Good or bad, it was crucial to take China on: Donald Trump
US president indicates he had no choice but to impose tariffs that have been a drag on US manufacturers, financial markets and, by some measures, American consumers
Washington: President Donald Trump acknowledged on Tuesday his aggressive China trade policies may mean economic pain for Americans but insisted they're needed for more important long-term benefits. He contended he does not fear a recession but is nonetheless considering new tax cuts to promote growth.
Asked if his trade war with China could tip the country into recession, Trump brushed off the idea as "irrelevant" and said it was imperative to "take China on." "It's about time, whether it's good for our country or bad for our country short term," he said.
Paraphrasing a reporter's question, Trump said, "Your statement about, 'Oh, will we fall into a recession for two months?' OK? The fact is somebody had to take China on." The president indicated that he had no choice but to impose the tariffs that have been a drag on US manufacturers, financial markets and, by some measures, American consumers.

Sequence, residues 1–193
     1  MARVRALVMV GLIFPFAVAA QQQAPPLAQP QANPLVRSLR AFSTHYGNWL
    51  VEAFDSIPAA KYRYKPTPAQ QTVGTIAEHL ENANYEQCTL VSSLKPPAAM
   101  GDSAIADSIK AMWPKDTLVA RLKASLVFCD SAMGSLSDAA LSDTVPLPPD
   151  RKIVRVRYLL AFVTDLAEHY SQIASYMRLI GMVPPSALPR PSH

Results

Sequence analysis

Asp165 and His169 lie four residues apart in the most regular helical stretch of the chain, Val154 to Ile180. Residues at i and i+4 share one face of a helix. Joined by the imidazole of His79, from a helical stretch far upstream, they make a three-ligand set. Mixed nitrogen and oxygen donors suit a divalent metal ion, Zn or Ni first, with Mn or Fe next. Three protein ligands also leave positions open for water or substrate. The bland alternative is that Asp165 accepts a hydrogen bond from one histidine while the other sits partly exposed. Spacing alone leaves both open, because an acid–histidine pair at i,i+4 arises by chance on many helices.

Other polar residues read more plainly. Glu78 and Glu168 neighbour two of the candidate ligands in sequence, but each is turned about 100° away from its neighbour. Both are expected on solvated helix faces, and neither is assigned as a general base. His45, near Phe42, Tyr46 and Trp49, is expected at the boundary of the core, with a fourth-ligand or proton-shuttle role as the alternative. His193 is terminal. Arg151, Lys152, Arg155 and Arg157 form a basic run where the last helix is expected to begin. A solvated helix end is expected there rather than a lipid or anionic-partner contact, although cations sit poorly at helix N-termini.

Trump was clear that he didn't think the nation is at risk of a recession and that a boom was possible if the Federal Reserve would slash its benchmark interest rate. "We're very far from a recession," Trump said. "In fact, if the Fed would do its job, I think we'd have a tremendous spurt of growth, a tremendous spurt."
Yet he also said he is considering a temporary payroll tax cut and indexing to inflation the federal taxes on profits made on investments —moves designed to stimulate faster growth.
He downplayed any idea that these thoughts indicate a weakening economy, saying, "I'm looking at that all the time anyway." Asked about his remarks, White House spokesman Judd Deere said, "The president does not believe we are headed for a recession. The economy is strong because of his policies."
Trump faces something of an inflection point on a US economy that appears to be showing vulnerabilities after more than 10 years of growth. Factory output has fallen and consumer confidence has waned as he has ramped up his trade war with China.
In private, Trump and his advisers have shown concern that a broader slowdown, if not an outright recession, could arrive just as he is seeking re-election based on his economic record.
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